​Each month, we try to bring you a case that is laced with unexpected care techniques. Our hope is that our procedural pearls help enhance your practice. Procedures rarely change over time, but new techniques and equipment may help you tackle new challenges. Once you have mastered simple procedures like incision and drainage and suturing and splinting, you can move on to more advanced procedures.​This month we dare you to think outside the box and combine all your skills to help this weird and wild patient. We've said it before, and we'll say it again: It may not be an emergency, but it's an emergency to your patient.A...
Source: The Procedural Pause - February 28, 2018 Category: Emergency Medicine Tags: Blog Posts Source Type: blogs

Weird and Wild: Back Piercing and Langers’ Lines
​A patient presented to the emergency department with a request to remove her back ring. Yes, that's right, her back ring. We were a bit confused at first by the piercing. The stud was placed in her back with no obvious way of removal. Our original thought was to send the patient to dermatology or even plastic surgery. The piercing certainly didn't qualify for emergency surgery or removal.​​​A 23-year-old woman with a back piercing in the left lower back. The underlying skin condition is not infectious. This is a classic example of tinea versicolor, and is not related to the piercing. It is a common fungal infectio...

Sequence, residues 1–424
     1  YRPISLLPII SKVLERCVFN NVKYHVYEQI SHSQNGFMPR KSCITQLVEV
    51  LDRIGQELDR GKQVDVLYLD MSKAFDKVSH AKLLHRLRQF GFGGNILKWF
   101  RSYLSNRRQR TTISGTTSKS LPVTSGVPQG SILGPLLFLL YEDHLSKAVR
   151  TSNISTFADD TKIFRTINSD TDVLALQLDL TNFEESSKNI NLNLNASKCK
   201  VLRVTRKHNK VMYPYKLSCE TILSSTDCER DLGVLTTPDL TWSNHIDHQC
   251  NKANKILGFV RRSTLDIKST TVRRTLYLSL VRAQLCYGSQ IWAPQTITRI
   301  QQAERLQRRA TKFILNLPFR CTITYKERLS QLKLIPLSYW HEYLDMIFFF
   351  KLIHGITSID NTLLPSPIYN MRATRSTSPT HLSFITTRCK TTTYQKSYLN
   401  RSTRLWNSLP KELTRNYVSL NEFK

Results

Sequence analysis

Source: The Procedural Pause - January 31, 2018 Category: Emergency Medicine Tags: Blog Posts Source Type: blogs

Weird and Wild: Piercing Problems, Tongue Rings, and TXA
​Some of our patients are total daredevils. This unique population keeps us on our toes. Our weird and wild series recently discussed laceration repair involving tattoos, but problematic piercings also present to the ED.​Traditional through-and-through piercing of the tongue body without complication. Photo: Creative Commons.An 18-year-old otherwise healthy woman presented to the emergency department with tongue swelling and mouth pain. Your first thought may be that this is an allergic reaction, but you quickly realize this is not the patient you expected. This patient just had her tongue pierced, and something has go...
Source: The Procedural Pause - January 2, 2018 Category: Emergency Medicine Tags: Blog Posts Source Type: blogs

Taming the Tattoo
​What do you do when something weird and wild comes into your emergency department? This month, we mean lacerations over tattoos or body piercings. Cosmetic repair of injuries involving tattoos and piercings are important to our patients. We should ensure proper wound closure while preserving the underlying body art.Tattoos and piercings are ancient practices of body modification. This form of art appreciation continues to be a popular and important cosmetic alteration for many people. Body art ranges from ear piercings ($20-30 for earlobes) to extensive tattoos that cost thousands of dollars.Many have sentimental value ...
Source: The Procedural Pause - December 1, 2017 Category: Emergency Medicine Tags: Blog Posts Source Type: blogs

Weird and Wild: Scalp Abscesses and Kerions